I work with a lot of smart people. Many of us have a near obsession with performance, but the point I was attempting to make earlier is we’re trying to push the boundaries of what you can expect from cloud software. App Engine had some rigid boundaries, so we made a change. Since adopting Go, we’ve learned a lot about how to make things fast and how to make Go work in the world of systems programming.

Go’s simplicity and concurrency model make it an appealing choice for backend systems, but the larger question is how does it fare for latency-sensitive applications? Is it worth sacrificing the simplicity of the language to make it faster? Let’s walk through a few areas of performance optimization in Go—namely language features, memory management, and concurrency—and try to make that determination. All of the code for the benchmarks presented here are available on GitHub.


Channels in Go get a lot of attention because they are a convenient concurrency primitive, but it’s important to be aware of their performance implications. Usually the performance is “good enough” for most cases, but in certain latency-critical situations, they can pose a bottleneck. Channels are not magic. Under the hood, they are just doing locking. This works great in a single-threaded application where there is no lock contention, but in a multithreaded environment, performance significantly degrades. We can mimic a channel’s semantics quite easily using a lock-free ring buffer.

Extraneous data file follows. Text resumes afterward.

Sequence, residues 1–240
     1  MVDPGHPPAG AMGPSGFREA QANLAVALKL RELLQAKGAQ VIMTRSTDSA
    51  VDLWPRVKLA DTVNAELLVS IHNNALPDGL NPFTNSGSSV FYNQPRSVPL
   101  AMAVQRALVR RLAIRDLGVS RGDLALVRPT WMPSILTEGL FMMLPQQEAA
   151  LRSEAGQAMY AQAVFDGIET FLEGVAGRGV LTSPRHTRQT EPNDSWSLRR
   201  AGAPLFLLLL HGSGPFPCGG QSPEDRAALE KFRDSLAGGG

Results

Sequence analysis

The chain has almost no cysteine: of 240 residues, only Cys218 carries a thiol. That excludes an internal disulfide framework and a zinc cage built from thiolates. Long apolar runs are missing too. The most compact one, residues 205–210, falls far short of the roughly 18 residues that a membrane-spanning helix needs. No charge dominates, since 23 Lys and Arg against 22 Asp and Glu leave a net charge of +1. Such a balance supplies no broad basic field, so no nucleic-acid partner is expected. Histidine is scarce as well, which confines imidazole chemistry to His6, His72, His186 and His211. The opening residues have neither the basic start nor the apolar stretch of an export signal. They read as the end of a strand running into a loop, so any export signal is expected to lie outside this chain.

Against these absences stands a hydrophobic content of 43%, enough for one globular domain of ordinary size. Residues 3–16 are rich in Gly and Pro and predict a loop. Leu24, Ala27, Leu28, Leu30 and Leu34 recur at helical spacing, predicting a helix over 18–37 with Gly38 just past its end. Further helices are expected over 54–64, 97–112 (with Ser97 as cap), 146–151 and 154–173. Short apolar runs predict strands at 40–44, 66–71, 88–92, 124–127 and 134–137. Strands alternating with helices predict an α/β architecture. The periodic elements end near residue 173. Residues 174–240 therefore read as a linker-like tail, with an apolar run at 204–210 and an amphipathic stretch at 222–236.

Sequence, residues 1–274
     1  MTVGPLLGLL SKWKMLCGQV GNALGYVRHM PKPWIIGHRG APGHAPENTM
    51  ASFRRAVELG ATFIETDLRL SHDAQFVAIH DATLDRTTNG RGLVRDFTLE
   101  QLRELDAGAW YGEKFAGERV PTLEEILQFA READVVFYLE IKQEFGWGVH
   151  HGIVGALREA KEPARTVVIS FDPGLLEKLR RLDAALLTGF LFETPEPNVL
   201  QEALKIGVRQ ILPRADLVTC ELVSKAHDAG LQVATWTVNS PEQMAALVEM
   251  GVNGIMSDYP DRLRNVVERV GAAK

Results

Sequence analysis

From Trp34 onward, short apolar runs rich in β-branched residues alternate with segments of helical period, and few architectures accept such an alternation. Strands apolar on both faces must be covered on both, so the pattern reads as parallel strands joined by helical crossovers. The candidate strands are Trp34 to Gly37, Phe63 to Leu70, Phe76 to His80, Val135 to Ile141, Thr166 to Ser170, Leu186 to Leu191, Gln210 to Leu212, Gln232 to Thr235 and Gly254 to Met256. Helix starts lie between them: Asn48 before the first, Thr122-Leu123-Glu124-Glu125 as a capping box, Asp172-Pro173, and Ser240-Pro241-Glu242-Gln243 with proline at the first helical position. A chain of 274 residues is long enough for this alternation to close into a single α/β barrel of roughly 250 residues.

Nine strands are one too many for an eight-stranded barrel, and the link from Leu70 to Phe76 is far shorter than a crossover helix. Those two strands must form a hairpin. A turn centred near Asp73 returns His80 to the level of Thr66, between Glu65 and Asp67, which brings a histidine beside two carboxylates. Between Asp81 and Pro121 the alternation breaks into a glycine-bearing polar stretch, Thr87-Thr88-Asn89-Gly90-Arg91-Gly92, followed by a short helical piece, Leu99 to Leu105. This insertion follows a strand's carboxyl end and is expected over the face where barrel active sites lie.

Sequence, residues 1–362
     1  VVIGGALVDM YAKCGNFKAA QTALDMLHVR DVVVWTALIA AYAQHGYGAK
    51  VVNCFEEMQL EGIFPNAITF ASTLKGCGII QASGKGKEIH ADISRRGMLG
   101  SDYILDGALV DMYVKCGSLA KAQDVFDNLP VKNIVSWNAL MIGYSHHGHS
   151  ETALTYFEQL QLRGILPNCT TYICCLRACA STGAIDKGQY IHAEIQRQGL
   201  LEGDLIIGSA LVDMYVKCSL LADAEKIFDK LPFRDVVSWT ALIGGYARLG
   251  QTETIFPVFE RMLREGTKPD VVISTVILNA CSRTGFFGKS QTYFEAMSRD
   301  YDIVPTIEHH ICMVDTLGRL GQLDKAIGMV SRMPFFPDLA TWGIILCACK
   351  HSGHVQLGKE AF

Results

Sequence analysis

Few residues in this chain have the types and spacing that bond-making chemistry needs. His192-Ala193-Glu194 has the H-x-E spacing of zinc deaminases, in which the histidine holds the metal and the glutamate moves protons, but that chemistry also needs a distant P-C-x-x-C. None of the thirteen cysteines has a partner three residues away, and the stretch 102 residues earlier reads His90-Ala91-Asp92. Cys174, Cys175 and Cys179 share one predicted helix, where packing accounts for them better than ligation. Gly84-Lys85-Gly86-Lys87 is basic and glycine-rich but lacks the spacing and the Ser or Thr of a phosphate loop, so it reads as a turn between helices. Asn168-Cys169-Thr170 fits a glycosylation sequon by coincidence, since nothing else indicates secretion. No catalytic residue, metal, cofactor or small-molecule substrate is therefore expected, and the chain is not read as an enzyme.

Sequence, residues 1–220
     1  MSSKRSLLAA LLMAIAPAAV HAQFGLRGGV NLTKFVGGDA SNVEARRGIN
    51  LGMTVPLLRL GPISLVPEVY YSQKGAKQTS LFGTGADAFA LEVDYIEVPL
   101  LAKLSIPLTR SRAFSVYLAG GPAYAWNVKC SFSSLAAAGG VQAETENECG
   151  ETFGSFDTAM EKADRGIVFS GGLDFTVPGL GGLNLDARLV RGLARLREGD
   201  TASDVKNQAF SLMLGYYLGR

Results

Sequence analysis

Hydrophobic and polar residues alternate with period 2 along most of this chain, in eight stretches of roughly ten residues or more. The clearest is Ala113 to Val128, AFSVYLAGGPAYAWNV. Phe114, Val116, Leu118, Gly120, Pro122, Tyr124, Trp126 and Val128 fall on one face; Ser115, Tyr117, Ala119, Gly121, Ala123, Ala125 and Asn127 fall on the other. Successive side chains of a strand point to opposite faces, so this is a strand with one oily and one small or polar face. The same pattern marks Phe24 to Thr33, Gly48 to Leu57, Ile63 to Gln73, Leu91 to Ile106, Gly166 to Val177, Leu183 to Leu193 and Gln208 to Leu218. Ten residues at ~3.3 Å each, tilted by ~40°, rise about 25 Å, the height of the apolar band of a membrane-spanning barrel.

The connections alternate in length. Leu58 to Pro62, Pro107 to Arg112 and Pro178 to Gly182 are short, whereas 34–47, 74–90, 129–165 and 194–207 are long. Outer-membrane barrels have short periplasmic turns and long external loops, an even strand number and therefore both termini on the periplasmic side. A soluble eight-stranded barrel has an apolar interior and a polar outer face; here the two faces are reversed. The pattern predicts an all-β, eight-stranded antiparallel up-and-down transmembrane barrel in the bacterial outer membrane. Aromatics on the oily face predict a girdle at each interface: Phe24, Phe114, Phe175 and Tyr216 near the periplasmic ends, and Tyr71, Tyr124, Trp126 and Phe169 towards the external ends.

The first benchmark looks at the performance of a single-item-buffered channel and ring buffer with a single producer and single consumer. First, we look at the performance in the single-threaded case (GOMAXPROCS=1).

BenchmarkChannel 3000000 512 ns/op
BenchmarkRingBuffer 20000000 80.9 ns/op

As you can see, the ring buffer is roughly six times faster (if you’re unfamiliar with Go’s benchmarking tool, the first number next to the benchmark name indicates the number of times the benchmark was run before giving a stable result). Next, we look at the same benchmark with GOMAXPROCS=8.

BenchmarkChannel-8 3000000 542 ns/op
BenchmarkRingBuffer-8 10000000 182 ns/op

The ring buffer is almost three times faster.

Channels are often used to distribute work across a pool of workers. In this benchmark, we look at performance with high read contention on a buffered channel and ring buffer. The GOMAXPROCS=1 test shows how channels are decidedly better for single-threaded systems.

BenchmarkChannelReadContention 10000000 148 ns/op
BenchmarkRingBufferReadContention 10000 390195 ns/op

However, the ring buffer is faster in the multithreaded case:

BenchmarkChannelReadContention-8 1000000 3105 ns/op
BenchmarkRingBufferReadContention-8 3000000 411 ns/op

Lastly, we look at performance with contention on both the reader and writer. Again, the ring buffer’s performance is much worse in the single-threaded case but better in the multithreaded case.

BenchmarkChannelContention 10000 160892 ns/op
BenchmarkRingBufferContention 2 806834344 ns/op
BenchmarkChannelContention-8 5000 314428 ns/op
BenchmarkRingBufferContention-8 10000 182557 ns/op